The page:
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Tips and Tricks
Vegetables


Asparagus (Generic)

1 1/2  pounds asparagus
For 4 servings.

Asparagus is low-calorie and spiked with vitamins A, B & C. To Prepare: Break off tough ends as far down as stalks snap easily. For spears, tie with string. Or, cut each stalk into 1 inch pieces.

Cooking Spears: In deep, narrow pan or asparagus pot, heat 1" salted water to boiling. Place asparagus upright in pot. Heat to boiling, reduce heat. Boil uncovered for 5 minutes. Cover and boil 2-3 minutes longer. Drain.

Cooking pieces: Cook lower stalk pieces uncovered in 1" boiling water for 6 minutes. Add tips, cover, and cook until tender, about 1-2 minutes. Drain.

Steaming: Place steamer or basket in 1/2" water (water should not touch basket). Place asparagus in basket. Cover tightly and heat to boiling. Reduce heat and steam until tender, about 6 minutes. Microwave: Cover and nuke asparagus spears or 1" pieces and 1/4 c water in 2 qt casserole on high 4 minutes. Turn asparagus over. Cover and nuke until tender crisp, about 3 minutes longer. Let stand 1 minute and drain.

Tomato Equivalents

Your recipe calls for three cups of tomatoes. When you get to the market, you wonder how many fresh or canned tomatoes you should buy. Here are some figures to take the guesswork out of shopping.

Fresh Peeled Plum Tomatoes:
2 1/2 pounds = 3 cups seeded, chopped drained = 2 1/2 cups seeded, chopped, cooked = 2 1/2 cups canned peeled in puree or juice

Canned Peeled Tomatoes in Their Juice or Puree:
35-ounce can = 4 cups = 2 1/2 to 3 cups drained
28-ounce can = 3 cups = 2 to 2 1/2 cups drained
16-ounce can = 2 cups = 1 cup drained

Canned Crushed, or Chopped Tomatoes
28-ounce can =3 cups

Canned Tomato Paste
6-ounce can = 3/4 cup

Improvising a Main-Dish Salad

When you're inventing your own salads, it's easy to be inspired by fresh summer produce--and hard to make mistakes if you follow a few general rules.

Match assertive greens (arugula, dandelion, chicory, endive, frisée and radicchio) with strong-flavored dressings and hearty ingredients, such as beef or sausage.

Coat milder greens (romaine, Boston, Bibb and red-leaf lettuces, as well as mung bean, alfalfa and sunflower sprouts) with subtle dressings that won't overpower them.

Play with textures and temperatures--cool, lacy greens with warm goat cheese in crisp phyllo or just-grilled beef with citrus.

For tossed salads, use ingredients of similar size and weight; heavy items will fall to the bottom of the bowl as you toss.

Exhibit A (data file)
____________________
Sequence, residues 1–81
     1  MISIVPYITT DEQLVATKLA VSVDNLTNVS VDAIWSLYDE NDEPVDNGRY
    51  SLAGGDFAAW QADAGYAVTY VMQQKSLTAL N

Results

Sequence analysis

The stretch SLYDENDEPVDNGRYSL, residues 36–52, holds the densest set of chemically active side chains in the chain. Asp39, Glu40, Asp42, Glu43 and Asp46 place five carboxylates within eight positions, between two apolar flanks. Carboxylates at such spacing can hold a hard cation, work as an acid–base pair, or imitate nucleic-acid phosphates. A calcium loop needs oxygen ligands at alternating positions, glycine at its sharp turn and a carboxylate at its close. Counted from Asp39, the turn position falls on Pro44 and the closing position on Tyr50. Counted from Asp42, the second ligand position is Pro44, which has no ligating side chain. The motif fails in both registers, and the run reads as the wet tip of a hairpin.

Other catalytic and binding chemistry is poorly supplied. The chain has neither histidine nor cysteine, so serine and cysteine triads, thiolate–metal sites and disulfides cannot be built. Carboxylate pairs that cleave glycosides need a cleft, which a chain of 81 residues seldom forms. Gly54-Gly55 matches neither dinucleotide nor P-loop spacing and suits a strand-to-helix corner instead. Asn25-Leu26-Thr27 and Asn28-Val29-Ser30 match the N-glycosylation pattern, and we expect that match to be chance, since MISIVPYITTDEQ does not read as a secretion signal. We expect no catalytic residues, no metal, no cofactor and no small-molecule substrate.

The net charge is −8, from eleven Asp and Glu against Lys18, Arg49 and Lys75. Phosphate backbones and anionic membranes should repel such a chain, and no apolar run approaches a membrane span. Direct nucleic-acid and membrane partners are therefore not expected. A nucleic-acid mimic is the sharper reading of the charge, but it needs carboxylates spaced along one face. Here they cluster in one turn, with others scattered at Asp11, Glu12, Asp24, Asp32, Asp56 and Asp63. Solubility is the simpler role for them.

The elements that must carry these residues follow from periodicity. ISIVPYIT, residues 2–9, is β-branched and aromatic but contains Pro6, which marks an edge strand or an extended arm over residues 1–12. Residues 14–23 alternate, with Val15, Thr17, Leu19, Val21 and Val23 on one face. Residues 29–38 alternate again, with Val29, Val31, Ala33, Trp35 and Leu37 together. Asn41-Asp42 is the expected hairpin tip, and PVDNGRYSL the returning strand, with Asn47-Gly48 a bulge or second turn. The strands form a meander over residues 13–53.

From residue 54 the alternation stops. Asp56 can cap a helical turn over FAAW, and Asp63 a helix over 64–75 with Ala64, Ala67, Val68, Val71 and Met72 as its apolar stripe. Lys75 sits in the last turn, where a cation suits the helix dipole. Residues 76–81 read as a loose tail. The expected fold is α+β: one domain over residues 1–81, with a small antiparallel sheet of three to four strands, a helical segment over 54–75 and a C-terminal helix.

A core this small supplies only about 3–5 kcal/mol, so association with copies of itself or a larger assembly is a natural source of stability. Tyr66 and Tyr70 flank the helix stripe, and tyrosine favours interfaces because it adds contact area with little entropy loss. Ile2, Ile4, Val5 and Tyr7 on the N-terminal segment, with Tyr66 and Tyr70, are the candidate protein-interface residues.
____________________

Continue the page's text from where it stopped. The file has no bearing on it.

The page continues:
Serve salads based on starches, such as pasta, rice, potatoes, bread or grains, at room temperature, not chilled.

Don't be afraid to use meat, seafood or poultry straight from the grill.

Radishes: World Travelers

Radishes have been cultivated in China for thousands of years and are believed to have originated there before spreading to the Middle East. To this day, radishes are an important part of the many Asian and Middle Eastern cuisines.

Ancient Greek writers made frequent mention of radishes. So highly did the Greeks esteem this vegetable that small replicas of them were made in gold in connection with Apollo worship. On the other hand the Greeks were satisfied with replicas of beets in silver and turnips in lead. The Romans at the beginning of the Christian era were also familiar with the radish and likely introduced it to the Germans. The radish didn't reach England until 1548, but by 1629 radishes were being cultivated by the new world colonists of
Massachusetts.

Making Radish Fan Garnishes

Start with large oval-shaped radishes. Trim the root ends and most of the leaves. Lay each radish on a cutting surface; with a thin sharp knife make closely spaced cuts crosswise along the radish, being careful not to slice through. Chill, covered with ice water, for 30 minutes. Radish Fans are very pretty alongside grilled meats, roasts and Oriental dishes.

Pickled Radishes

1 bag (6 ounces) radishes (about 1-1/2 cups), trimmed
1/2 cup rice wine vinegar
1/4 cup water
1 tablespoon finely chopped ginger
1 tablespoon minced garlic
1 tablespoon sesame oil
2 teaspoons sugar

Place radishes in a covered bowl or jar. In a small saucepan, combine the vinegar, water, ginger, garlic, oil and sugar; bring to a boil. Pour over radishes. Cover and refrigerate overnight or up to 1 week.

Yield: about 2 cups

Sliced Tomato Salad with Ten Variations
 
***BASIC RECIPE***
4 large tomatoes -- sliced
extra-virgin olive oil
kosher salt
fresh ground black pepper

A recipe for this style of salad is not really necessary; you just need to keep a few simple rules in mind. First of all, choose 2 medium or 1 large tomato per person, more if the salad will be the main part of the meal. Many chefs consider it essential that you peel the tomato, but I don't make this a hard and fast rule. When I am making a simple tomato salad for myself, I don't peel the tomatoes. Nor do I peel a bushel of tomatoes when I'm serving a group of a 100 if the tomatoes are of the best quality. Thicker-skinned tomatoes have been developed for commercial reasons, for the ease of storage and shipping, and these should be peeled (actually, they should not be used at all). Salads starring unpeeled tomatoes offer up summer's simplest, rustic pleasures; but if your tastes are more refined, feel free to peel them.

Next, you must slice the tomato through its equator not through its poles -- that is horizontally, not vertically. You are making slices, not wedges. If you look at a tomato as a tiny globe, its blossom end is the south pole, the stem end the north pole. Its fat middle is the center, its equator. Cut the tomato in 1/4-inch slices parallel with the equator. Discard the pole ends and arrange the thick slices on a plate or platter.